Use clear and thorough descriptions

Just like adding clear comments in code makes for better code, adding clear descriptions to your features makes them better. Like code comments, these should be concise descriptions of what the feature is intended to do and why. In Flagsmith, this is the Description. It’s optional, but we advise that you use it consistently. The description can be changed at any time.

Add tags to your flags

Not all feature flagging software provides the ability to add tags to your flags, but it’s super useful. With Flagsmith, once you’ve created a feature, you can edit it and add one or multiple tags. These are optional and can be edited at any time. Tags help you quickly filter features, and since they can be different colours, they allow you to identify the purpose of different features at a glance.

You can use tags to classify features in different ways. Some teams classify their features based on the service that they are part of. Others group them around the teams that are working on them. Use a taxonomy that fits your team and product. You can also classify them based on flag role; some flags might be used to roll out new features and hence have a limited life span (more on that below). Others might be used to control which features are shown to users in different pricing tiers.

Feature flag naming conventions and tagging examples

3. Remove old feature flags

Feature flags that are associated with releasing a new feature will generally be temporary and should be deleted once they've served their purpose. These types of feature flags generally have a lifetime of weeks, not months. For this class of feature flags, a best practice is to use a “temp” prefix or tag so that they can be easily identified. The same can be said for feature flags created for experiments. Having old, unused features makes managing your flags more difficult and can lead to confusion or even conflicts. Pruning doesn’t only need to happen in your garden—trimming unused/expired feature flags will help you and your team lessen the feature flag debt that can accumulate over months and years.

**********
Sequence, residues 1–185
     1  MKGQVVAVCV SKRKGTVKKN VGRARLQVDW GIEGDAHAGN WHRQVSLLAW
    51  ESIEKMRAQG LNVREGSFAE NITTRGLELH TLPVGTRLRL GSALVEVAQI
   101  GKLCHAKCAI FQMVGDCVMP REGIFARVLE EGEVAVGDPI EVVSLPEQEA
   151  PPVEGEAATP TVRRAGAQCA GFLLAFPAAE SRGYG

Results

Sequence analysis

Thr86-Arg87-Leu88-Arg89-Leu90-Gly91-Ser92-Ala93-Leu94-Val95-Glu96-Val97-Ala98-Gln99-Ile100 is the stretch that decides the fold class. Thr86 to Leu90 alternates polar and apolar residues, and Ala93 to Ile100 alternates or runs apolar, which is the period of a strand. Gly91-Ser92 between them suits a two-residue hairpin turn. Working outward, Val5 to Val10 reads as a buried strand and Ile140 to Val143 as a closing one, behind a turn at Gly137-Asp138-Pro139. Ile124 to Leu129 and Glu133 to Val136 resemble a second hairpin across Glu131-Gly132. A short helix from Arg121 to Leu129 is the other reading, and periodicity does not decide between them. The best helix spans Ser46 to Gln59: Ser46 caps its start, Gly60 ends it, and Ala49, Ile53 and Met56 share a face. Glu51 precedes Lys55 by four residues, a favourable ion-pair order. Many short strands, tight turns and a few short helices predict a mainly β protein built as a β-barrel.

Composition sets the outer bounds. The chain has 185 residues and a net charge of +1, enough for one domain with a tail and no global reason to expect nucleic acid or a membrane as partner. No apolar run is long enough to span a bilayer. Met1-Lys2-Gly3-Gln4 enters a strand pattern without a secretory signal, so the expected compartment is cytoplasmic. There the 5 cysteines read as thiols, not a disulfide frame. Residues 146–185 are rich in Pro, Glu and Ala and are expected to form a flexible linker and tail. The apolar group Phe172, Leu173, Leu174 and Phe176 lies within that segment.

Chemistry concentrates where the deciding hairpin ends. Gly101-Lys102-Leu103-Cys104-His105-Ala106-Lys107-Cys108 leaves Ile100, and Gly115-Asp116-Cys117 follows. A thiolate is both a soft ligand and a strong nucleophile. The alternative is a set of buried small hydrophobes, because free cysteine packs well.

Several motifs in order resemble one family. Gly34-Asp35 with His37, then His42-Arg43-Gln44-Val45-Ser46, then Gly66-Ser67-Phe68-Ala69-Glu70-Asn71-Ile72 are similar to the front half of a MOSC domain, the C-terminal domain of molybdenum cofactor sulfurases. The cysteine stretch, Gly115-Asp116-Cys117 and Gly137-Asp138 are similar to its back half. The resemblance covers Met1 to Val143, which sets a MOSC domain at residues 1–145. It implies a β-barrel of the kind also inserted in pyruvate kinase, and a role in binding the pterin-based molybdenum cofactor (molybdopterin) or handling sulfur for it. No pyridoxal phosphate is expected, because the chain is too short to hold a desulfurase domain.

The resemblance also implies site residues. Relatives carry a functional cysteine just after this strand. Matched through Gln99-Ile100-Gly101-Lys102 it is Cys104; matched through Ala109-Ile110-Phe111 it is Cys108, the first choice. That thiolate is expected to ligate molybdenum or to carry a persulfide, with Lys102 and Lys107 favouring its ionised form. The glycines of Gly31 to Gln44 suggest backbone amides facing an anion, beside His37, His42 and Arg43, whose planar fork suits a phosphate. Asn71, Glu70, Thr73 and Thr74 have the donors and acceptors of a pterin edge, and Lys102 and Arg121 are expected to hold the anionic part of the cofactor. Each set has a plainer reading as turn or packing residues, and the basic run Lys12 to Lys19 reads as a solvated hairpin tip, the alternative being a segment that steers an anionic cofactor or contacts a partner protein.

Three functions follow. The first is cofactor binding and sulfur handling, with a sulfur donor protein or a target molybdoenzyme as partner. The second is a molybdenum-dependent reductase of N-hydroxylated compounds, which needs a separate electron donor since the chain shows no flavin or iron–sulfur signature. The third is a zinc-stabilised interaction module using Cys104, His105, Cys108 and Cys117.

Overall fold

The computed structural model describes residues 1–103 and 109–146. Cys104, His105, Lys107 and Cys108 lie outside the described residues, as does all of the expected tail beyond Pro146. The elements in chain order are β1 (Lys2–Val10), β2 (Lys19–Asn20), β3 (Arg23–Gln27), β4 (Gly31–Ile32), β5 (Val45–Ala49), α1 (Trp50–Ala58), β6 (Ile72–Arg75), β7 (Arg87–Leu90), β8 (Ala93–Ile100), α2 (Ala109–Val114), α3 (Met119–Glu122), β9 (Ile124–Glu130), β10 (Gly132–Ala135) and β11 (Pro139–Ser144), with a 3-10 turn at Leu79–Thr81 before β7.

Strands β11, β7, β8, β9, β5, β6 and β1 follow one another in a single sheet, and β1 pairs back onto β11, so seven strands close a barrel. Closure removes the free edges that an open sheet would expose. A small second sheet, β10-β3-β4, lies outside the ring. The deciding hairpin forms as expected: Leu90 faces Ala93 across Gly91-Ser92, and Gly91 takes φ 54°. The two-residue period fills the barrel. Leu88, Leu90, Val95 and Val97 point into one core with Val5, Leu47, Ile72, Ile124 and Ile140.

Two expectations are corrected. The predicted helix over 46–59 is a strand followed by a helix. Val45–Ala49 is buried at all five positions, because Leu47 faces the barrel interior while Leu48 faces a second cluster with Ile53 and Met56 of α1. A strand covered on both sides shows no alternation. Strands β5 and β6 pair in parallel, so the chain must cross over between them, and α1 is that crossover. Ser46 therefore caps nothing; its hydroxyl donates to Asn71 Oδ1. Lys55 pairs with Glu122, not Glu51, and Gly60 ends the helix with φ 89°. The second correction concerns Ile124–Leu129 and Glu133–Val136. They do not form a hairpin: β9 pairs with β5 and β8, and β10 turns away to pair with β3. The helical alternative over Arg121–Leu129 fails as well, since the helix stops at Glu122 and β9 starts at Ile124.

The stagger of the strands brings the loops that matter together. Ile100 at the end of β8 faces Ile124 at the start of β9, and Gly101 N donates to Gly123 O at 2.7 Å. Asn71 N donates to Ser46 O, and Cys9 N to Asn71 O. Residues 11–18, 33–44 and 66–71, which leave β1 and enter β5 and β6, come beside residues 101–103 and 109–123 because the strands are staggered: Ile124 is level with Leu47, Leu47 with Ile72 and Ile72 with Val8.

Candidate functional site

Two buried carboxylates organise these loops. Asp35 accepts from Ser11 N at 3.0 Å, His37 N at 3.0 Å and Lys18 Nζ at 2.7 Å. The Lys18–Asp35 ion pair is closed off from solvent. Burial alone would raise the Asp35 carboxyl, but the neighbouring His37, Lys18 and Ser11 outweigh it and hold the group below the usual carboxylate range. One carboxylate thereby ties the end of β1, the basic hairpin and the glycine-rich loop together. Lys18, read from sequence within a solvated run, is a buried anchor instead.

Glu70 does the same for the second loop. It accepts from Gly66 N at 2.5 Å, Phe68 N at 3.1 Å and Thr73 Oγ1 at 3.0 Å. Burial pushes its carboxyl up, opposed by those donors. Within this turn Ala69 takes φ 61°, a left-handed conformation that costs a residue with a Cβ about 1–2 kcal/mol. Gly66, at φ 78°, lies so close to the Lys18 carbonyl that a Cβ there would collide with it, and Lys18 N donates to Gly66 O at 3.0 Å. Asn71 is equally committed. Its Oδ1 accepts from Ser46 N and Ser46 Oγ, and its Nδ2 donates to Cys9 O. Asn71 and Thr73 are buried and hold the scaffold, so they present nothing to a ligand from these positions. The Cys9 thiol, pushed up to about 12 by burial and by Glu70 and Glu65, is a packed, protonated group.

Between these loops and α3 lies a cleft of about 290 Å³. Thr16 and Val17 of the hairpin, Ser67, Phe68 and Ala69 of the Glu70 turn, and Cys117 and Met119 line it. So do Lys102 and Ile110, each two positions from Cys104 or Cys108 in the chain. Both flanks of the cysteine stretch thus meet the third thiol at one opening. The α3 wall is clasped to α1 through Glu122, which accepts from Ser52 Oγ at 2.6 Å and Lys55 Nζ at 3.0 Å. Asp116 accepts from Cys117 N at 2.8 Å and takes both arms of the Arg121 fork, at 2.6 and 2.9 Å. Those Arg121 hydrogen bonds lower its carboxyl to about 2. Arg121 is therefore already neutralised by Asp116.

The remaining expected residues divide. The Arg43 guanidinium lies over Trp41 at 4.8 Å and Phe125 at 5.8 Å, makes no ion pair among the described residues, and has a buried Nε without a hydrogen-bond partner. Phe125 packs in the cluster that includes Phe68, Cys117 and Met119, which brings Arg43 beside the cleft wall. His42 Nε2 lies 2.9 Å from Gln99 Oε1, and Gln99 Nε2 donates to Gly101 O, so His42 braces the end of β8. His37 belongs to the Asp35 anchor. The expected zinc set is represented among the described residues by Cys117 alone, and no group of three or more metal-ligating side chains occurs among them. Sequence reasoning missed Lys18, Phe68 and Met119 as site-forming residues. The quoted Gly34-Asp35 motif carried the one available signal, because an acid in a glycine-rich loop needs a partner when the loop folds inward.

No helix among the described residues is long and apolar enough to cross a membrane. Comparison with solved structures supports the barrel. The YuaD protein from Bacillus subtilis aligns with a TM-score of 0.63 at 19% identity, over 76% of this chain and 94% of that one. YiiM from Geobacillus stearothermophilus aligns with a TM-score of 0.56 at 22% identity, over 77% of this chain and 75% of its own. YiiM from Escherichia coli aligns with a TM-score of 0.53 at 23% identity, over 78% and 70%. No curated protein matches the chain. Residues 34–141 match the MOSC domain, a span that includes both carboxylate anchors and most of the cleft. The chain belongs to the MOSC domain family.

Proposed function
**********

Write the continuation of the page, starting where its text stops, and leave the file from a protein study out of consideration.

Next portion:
Let’s go back to that Stripe release we were discussing earlier. Stripe is now getting 100% of the traffic without any bugs.  You moved from directing 90% of payment gateway traffic to Stripe on Monday to 100% on Wednesday. That means that someday soon, all the feature flags related to this release can be removed. This is also something that should be pre-determined and included in the deployment plan.

Another example is when you have feature flags that control traffic going to a microservice. These types of features are wrapped in flags so that the critical path is not blocked. When the microservices are decommissioned, don’t forget to remove the related feature flags.

Scheduling periodic health checks is also a good idea. Flagsmith offers an easy way for you to do this with built-in flag analytics. This lets you and your team easily see the last time a feature was evaluated within your code, so you can quickly see which flags can be removed.

4. Use feature flag projects and environments effectively

Most software engineering teams have development, staging, and production environments. Depending on the size of the organisation and the structure of the tech team, some have a QA (Quality Assurance) stage as well between staging and production. The best practice here is to create a feature flag for all the environments and test it along the way. And as a failsafe, if things don’t go as planned in production, the feature can be turned off from the interface with the click of a button. If all goes well, the feature can be released as planned.